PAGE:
Russel:  No doubt. I think if I were a pipeline operator this is the thing that would keep me up at night or cause me concern. “What is the thing that I should know about that’s in my data that, for whatever reason, I’m not seeing?”

Marc:  Even with inline inspection it’s finding that needle in the haystack, that one excursion area that might be present. That’s what it’s about.

Russel:  That’s exactly what you’re trying to do, is to find the needle in the haystack, because the truth of it is issues and incidents in pipelining are pretty rare, particularly if you measure that as a factor of the amount of product moved. They’re much more rarer than you would find in trucking, or rail, or shipping.

However, that being said, they always have, or often have, very significant consequences. It’s very important to find that needle in the haystack and, as a pipeline operator, have confidence in your team, and your tools, and your approach that it’s going to find the needle.

Marc:  Exactly. That’s well put.

Russel:  This is awesome. We’ve got a couple of more episodes that we’re going to talk about. We’ve got two more that Marc and I have discussed, one around new technology in ILI. What’s the new stuff that’s coming, then, we want to talk in particular about ILI data analysis. What is that? What are the tools? How is it done and so forth?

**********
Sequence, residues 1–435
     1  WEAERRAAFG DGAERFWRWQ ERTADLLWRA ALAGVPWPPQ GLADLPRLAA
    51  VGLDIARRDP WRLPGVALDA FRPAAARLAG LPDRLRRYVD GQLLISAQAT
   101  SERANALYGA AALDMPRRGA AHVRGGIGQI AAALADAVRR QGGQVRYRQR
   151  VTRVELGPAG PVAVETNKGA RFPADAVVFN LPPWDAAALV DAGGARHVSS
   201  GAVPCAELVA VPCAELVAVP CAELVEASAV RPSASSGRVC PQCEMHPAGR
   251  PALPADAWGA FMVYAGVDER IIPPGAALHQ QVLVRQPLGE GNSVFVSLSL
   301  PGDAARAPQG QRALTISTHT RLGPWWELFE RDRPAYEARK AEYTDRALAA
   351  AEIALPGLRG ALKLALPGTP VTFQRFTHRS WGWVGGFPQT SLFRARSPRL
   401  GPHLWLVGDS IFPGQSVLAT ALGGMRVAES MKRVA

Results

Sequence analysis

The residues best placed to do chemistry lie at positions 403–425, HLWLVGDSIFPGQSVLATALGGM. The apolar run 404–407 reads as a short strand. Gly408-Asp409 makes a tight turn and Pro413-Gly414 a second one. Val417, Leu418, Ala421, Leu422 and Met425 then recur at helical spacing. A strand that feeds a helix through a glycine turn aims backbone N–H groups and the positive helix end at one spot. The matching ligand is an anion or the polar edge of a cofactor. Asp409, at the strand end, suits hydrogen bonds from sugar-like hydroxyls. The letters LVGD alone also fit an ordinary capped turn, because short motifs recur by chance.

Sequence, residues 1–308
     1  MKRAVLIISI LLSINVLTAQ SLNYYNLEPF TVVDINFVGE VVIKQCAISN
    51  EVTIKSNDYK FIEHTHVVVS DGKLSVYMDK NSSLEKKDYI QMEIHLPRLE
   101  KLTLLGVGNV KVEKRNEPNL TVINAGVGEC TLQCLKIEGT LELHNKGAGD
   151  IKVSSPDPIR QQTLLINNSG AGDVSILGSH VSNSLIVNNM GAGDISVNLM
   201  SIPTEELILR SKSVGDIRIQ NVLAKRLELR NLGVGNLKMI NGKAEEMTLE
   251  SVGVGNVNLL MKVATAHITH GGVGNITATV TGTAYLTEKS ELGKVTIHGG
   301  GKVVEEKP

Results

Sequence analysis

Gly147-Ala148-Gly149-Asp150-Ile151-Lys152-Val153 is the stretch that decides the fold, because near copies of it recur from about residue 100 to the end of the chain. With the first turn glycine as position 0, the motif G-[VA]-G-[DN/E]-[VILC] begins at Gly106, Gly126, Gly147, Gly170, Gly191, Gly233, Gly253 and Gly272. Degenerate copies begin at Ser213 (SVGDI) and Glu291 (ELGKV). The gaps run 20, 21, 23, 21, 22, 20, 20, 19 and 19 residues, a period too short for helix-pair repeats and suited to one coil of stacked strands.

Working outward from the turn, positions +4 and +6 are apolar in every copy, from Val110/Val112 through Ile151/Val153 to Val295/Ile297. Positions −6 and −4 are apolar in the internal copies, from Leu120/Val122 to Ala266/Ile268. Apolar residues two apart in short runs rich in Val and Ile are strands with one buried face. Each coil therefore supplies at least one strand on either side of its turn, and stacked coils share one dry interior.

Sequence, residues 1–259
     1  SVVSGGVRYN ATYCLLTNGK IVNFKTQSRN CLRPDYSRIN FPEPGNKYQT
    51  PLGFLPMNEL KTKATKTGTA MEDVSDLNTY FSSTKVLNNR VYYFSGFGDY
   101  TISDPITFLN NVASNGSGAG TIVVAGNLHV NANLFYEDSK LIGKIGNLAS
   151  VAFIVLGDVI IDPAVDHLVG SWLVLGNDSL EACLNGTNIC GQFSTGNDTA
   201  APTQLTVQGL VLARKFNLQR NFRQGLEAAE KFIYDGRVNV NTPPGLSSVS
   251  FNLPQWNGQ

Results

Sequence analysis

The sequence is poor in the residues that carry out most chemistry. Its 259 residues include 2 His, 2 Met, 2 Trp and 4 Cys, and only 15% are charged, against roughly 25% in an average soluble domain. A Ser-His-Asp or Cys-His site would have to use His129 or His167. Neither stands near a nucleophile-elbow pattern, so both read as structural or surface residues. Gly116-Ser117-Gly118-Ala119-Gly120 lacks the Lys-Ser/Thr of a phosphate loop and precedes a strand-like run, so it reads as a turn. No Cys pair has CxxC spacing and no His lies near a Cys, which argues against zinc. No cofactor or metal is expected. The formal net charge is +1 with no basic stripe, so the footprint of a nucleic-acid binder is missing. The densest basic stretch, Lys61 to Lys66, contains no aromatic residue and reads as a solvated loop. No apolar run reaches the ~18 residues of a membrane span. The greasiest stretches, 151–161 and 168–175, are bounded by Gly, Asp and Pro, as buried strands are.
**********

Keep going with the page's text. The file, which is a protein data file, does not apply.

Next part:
Please come back and listen to the rest of this stuff, and Marc, as always, thank you very much for participating and offering your expertise.

Marc:  Anytime, Russel. It’s been fun.

Russel:  It’s been fun for me, too. I’m learning a bunch. This is awesome.

I hope you enjoyed this week’s episode of The Pipeliners Podcast. I hope that, like me, you’re continuing to learn about inline inspection as we talk to Marc Lamontagne. Certainly, it’s a steep learning curve for me. I hope that, like myself, you’re learning, as well. I hope you find this of value as a listener.

Just a reminder before you go, you should register to win our customized Pipeliners Podcast YETI tumbler. Simply visit pipelinerspodcast.com/win and register yourself in the drawing.

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Russel:  If you have ideas, questions, or topics that you’d be interested in hearing us talk about on the Pipeliners Podcast, reach out to us on the Contact Us page at pipelinerspodcast.com or you can reach out to me directly on LinkedIn. Thanks again for listening. I’ll talk to you next week.